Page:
Living History

More than just an “old” house, a historic home offers buyers a chance to live in a structure filled with character and charm and to keep alive the remarkable stories of past decades. New Englanders have dozens of historic styles sprinkled throughout our six states – from Colonial, Georgian, Greek revival, Queen Anne and more. Choosing one of those classic homes can be a thrill, but there are important considerations any potential owner should know.

“The first thing I suggest to anyone looking for a home like this is to pay attention to location,“ says Allison Cayzer, who is part of the Ricardo Rodriguez & Associates team with Coldwell Banker. “I grew up in Duxbury in an historic house, so I was immersed in it from an early age,” says Cayzer, who returned to her hometown to live and work after several years in Boston. “We have an incredible neighborhood here, the shipbuilding area, which has many old and historic homes and is a very desirable location.”

Next, a prospective buyer should seek information about the integrity of the home, including asking for inspections, and observe what, if any, upgrades have been made. “You really want to see that the owners have balanced history with contemporary comfort,” she says. For many properties, including one of Cayzer’s listings in Duxbury at 9 Beaverbrook Lane, the exterior is where property owners keep history intact. “You can maintain the classic appearance on the outside, while making updates in kitchens and bathrooms for a more modern and practical home,” says Cayzer.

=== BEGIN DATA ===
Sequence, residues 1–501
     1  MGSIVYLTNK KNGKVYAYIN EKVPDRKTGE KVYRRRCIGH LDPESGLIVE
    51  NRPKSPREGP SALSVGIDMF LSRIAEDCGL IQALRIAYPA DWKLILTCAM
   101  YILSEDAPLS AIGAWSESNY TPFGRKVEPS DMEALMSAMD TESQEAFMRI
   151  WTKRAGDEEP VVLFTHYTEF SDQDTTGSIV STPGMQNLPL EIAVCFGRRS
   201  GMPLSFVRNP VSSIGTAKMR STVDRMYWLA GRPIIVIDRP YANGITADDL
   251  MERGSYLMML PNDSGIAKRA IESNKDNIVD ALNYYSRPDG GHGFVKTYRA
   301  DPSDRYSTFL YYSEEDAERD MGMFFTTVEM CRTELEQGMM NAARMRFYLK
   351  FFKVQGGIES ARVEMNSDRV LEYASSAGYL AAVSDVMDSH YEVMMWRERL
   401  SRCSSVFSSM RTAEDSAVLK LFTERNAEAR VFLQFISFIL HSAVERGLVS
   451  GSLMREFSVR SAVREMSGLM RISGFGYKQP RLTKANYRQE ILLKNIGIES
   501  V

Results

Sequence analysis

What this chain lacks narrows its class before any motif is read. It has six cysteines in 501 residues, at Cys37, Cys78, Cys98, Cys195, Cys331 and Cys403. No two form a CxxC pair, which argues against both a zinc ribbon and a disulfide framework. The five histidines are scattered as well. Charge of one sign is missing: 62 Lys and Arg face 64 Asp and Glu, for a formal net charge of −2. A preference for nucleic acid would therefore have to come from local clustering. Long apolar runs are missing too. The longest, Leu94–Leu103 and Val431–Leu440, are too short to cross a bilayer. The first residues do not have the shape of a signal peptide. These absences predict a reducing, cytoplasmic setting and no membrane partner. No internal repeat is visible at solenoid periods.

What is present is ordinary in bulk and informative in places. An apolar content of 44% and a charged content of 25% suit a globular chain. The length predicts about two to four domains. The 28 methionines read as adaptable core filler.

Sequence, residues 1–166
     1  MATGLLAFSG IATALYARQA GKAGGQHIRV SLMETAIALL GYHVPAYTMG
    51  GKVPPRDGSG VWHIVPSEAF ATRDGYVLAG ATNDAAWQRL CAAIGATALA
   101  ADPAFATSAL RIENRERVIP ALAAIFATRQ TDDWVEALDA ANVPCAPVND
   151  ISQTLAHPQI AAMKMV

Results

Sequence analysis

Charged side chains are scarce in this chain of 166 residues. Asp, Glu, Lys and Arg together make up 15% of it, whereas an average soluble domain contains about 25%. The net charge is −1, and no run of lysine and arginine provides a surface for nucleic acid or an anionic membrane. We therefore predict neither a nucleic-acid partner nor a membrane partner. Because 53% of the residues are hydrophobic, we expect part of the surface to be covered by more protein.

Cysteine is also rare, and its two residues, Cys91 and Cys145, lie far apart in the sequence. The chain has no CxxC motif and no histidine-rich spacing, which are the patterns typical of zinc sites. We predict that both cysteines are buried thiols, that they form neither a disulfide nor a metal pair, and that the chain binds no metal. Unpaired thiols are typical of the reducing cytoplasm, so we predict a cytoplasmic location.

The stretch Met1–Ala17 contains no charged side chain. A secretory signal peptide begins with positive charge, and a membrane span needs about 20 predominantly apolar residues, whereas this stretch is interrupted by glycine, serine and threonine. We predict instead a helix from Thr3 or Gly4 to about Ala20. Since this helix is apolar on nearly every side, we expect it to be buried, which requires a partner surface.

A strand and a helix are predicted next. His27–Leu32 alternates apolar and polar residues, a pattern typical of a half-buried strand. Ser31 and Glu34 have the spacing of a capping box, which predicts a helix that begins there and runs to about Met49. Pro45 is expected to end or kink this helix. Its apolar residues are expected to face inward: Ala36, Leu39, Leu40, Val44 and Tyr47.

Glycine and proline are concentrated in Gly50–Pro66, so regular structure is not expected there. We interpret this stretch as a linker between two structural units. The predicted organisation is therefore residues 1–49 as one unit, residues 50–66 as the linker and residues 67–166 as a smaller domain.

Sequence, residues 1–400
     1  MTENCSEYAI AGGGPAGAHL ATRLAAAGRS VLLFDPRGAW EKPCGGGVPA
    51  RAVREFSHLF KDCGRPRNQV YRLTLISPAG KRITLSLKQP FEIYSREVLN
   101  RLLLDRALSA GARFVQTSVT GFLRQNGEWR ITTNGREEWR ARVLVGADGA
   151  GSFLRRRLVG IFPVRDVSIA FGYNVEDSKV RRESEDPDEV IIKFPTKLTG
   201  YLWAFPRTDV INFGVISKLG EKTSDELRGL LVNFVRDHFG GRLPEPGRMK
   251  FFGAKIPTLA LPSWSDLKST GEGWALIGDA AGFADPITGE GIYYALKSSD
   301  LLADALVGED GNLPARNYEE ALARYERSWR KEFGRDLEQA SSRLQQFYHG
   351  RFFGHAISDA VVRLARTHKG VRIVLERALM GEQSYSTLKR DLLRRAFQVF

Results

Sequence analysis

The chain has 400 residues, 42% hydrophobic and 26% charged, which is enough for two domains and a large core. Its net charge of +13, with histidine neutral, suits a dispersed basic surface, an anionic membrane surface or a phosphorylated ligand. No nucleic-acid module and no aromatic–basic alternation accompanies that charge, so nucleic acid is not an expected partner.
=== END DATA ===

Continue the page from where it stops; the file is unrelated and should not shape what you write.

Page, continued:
The Beaverbrook home, known as ‘Sprague Hall’  is a circa 1795 structure, originally built as a sail loft by  Seth Sprague, a successful ship builder, trader and politician. It was converted to a residential property in 1952, with the same family owning it ever since.  “You can still see some of the really cool historic elements inside, such as the original wide pine flooring and timber beams,” says Cayzer, “but it also has been renovated over the years with additional spaces added, such as a new library, den, master suite and upgraded kitchen.”  The property also boasts a two-car garage with lofted storage space, wrap-around decks, and a heated in-ground pool with surrounding bluestone patio. “I think one of the beautiful things about historic homes is that you can keep the old structure but still add onto it to make it your own,” says Cayzer.

Another aspect for potential owners to consider before buying a historic home are the requirements and regulations of local historical societies and commissions. Cayzer notes that Duxbury has an excellent historic commission that works with property owners to preserve and protect important buildings.

“ There is a demolition delay in place,” she says, “so when someone buys a historic structure they have to offer it for sale for a full year before tearing it down.” This has proven to help save many buildings of note, by ensuring history lovers have time to find their perfect structure.

Cayzer ends with the observation that with a limited supply, owning a historic home comes with a certain caché. “Anyone can buy land and build a new house, but there are only so many former sail lofts from the eighteenth century out there,” she says. “ These kinds of homes are definitely sought after and valued.”

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